And at the end of it all I didn’t know how much time had passed, I had gone into cat time, perhaps;  but I knew I didn’t want it to end.

It was such a pleasure being in this room, together, thinking about these things. It was a silent moment outside time, just like the silent moment at the end of Great Expectations.

Even though we got to it by a completely different journey.

And then there was the moment on the bus.

In Edinburgh, passengers all queue up to get on the bus, and the buses all queue up to pick up at the stops and you have to let everyone off before you can get on.

And as you get off you walk past the driver and you can say “Thank you”, and most people do, and as you get on you have to catch the driver’s eye to get your ticket and you can say “hello” and it is all very civilised.

But also very slow. There are often bus jams at the busier bust stops and it’s easy to understand how you can’t really do that in a bigger city.

And sure enough in London it’s every person and every bus for themselves and no-one ever waits for anyone else. 

So there I was at a Brixton bus stop 8.15 in the morning, with my suitcase, off to catch my train home. A bus had just gone by so, unusually, there was only one other person waiting. She was a youngish woman with a pleasant open face and really lovely green boots and we’d just clocked each other when the bus came. There was a crowd by this time, and the bus happened to stop just beside me.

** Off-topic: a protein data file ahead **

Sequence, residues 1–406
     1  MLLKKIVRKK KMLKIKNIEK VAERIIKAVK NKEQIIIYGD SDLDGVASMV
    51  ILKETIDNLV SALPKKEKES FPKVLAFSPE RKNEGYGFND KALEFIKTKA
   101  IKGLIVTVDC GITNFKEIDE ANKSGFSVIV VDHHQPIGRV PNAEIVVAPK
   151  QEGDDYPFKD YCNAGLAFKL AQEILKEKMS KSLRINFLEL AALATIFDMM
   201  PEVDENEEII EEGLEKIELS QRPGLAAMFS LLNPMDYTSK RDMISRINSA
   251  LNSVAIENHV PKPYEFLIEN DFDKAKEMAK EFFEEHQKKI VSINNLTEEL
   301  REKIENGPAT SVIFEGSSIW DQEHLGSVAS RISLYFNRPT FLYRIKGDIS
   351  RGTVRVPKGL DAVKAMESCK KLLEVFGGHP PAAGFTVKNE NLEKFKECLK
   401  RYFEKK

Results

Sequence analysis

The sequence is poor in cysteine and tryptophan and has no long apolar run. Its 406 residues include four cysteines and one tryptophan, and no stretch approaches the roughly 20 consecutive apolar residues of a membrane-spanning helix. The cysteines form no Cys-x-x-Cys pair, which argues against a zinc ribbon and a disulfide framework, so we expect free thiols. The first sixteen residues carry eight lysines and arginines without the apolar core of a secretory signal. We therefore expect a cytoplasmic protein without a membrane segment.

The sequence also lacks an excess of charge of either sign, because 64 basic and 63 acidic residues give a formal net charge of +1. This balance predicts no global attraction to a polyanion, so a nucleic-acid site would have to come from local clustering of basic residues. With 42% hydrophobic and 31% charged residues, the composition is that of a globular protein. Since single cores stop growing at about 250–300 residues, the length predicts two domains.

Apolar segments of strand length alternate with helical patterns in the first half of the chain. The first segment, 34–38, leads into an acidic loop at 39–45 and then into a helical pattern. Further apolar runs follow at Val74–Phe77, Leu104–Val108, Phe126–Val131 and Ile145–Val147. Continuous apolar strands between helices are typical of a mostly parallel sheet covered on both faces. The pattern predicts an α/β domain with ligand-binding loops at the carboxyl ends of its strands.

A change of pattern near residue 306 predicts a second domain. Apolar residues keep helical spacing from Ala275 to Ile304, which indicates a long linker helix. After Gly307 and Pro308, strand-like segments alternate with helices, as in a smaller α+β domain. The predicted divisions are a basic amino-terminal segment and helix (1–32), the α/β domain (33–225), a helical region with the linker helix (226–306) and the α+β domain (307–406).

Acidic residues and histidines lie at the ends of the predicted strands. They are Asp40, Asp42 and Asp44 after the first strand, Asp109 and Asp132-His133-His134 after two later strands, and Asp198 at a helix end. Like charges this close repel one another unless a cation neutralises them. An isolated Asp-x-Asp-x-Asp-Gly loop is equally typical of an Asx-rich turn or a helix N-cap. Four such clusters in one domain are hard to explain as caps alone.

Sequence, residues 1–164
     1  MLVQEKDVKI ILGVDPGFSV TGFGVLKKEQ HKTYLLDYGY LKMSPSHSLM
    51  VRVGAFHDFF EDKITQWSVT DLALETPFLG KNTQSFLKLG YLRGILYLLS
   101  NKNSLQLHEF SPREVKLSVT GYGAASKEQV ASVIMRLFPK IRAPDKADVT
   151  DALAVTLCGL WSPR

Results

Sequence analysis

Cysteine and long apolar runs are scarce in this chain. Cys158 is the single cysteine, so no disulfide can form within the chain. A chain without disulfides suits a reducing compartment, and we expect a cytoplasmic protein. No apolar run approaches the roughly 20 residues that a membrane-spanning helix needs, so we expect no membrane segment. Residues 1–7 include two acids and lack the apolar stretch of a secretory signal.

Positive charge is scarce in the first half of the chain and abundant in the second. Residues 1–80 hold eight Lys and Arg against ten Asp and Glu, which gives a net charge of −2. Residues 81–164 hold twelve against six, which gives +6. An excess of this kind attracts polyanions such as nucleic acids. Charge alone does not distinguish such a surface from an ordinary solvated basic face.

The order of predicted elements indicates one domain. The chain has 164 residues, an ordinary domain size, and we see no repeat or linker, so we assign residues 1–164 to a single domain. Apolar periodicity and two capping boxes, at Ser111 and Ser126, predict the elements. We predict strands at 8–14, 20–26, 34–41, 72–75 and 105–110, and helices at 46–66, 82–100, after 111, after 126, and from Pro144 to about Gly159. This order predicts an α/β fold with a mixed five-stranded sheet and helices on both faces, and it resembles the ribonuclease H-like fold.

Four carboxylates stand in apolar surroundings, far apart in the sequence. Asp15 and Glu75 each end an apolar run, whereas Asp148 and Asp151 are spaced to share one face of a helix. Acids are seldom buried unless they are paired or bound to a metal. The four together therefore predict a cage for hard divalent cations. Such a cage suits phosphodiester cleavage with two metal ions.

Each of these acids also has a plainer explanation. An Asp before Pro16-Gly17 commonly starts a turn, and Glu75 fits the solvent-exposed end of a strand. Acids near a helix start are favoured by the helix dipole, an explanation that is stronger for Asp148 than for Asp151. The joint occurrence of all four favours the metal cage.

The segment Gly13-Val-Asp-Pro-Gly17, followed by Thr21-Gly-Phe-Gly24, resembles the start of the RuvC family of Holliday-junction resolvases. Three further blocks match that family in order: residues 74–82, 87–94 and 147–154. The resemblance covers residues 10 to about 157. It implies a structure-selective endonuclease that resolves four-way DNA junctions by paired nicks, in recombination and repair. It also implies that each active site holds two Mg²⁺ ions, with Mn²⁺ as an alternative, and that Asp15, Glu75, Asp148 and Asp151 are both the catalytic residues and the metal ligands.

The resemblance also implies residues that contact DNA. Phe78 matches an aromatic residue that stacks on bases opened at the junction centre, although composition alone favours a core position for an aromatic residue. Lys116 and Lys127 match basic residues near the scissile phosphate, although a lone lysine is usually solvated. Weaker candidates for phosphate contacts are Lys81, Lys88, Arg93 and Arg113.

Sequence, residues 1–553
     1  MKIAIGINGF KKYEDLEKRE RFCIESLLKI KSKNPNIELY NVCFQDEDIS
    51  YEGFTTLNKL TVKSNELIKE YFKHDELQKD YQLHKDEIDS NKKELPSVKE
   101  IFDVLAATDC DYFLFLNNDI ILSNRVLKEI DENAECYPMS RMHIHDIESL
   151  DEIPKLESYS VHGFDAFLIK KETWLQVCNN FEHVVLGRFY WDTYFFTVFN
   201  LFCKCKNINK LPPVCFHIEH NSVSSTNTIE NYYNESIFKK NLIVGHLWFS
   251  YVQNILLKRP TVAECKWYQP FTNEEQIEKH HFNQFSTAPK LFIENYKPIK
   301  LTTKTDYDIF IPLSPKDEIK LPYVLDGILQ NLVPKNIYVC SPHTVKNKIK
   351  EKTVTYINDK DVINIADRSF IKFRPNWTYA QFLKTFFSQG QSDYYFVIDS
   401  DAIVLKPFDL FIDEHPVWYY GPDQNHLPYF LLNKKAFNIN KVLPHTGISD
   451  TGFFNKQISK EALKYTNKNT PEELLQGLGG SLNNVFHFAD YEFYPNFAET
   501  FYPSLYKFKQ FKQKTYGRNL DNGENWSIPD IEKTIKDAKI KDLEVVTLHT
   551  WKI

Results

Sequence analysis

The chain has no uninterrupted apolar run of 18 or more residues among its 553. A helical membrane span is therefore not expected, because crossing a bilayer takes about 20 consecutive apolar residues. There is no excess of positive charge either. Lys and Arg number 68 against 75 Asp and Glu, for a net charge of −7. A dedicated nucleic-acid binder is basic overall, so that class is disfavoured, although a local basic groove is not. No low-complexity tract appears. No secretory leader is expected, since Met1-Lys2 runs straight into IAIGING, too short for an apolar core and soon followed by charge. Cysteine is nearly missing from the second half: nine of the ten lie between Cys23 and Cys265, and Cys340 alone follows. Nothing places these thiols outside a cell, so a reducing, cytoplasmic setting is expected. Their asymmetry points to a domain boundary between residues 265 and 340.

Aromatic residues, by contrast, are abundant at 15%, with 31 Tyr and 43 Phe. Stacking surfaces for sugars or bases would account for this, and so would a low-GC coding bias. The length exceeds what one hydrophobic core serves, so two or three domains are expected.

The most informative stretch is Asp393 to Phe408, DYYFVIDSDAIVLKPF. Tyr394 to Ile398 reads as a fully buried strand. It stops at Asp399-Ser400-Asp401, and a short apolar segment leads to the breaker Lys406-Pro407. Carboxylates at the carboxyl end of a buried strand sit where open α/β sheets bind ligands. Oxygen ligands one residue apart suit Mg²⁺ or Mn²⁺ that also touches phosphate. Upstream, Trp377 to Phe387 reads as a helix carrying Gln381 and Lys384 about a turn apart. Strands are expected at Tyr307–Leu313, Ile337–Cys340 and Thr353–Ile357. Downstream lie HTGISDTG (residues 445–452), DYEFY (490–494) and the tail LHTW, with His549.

As the door opened, I had a grandmother moment: as an older woman at a bus stop with a case who wasn’t going to give her ground. This is not an easy place for me to be and I am just going to take my time thank you very much.

And say hello to the bus driver.

So I did all that, and was vaguely aware of someone pushing past me up the stairs as I took my place in that particular hell of crowded public transport: the place where we are all jammed up close together and yet all alone.

Something very lovely was happening in the seat beside where I was standing: a young girl with her mother was slowly, patiently and proudly practicing her reading ready for school.

We were getting closer to the bus stop when all of a sudden the young woman re-appeared, with her open face and lovely green boots, and she caught my eye and said she was sorry she’d pushed past me, she knew she shouldn’t have done it but she’d just missed her bus and she was worried about it.

And my heart went out to her.

So we started to talk, and a ripple of human energy started to spread through the bus, and you could see the people nearby waking from their evil dream

O for a muse of fire

And suddenly she saw her bus, we had caught it up, and would the driver be able to open the doors in time, and we were all in this moment together.

The doors opened and she rushed off and we were all wishing her well and someone else was kind to me and gave me directions I didn’t need but I still felt so grateful and I was thinking of dreams.

In our dream group, our teacher, Winifred Rushforth, would say that if anyone dreamed about a bus it was about the collective experience.

Bus. Omnibus.

It’s from the latin: it means every one.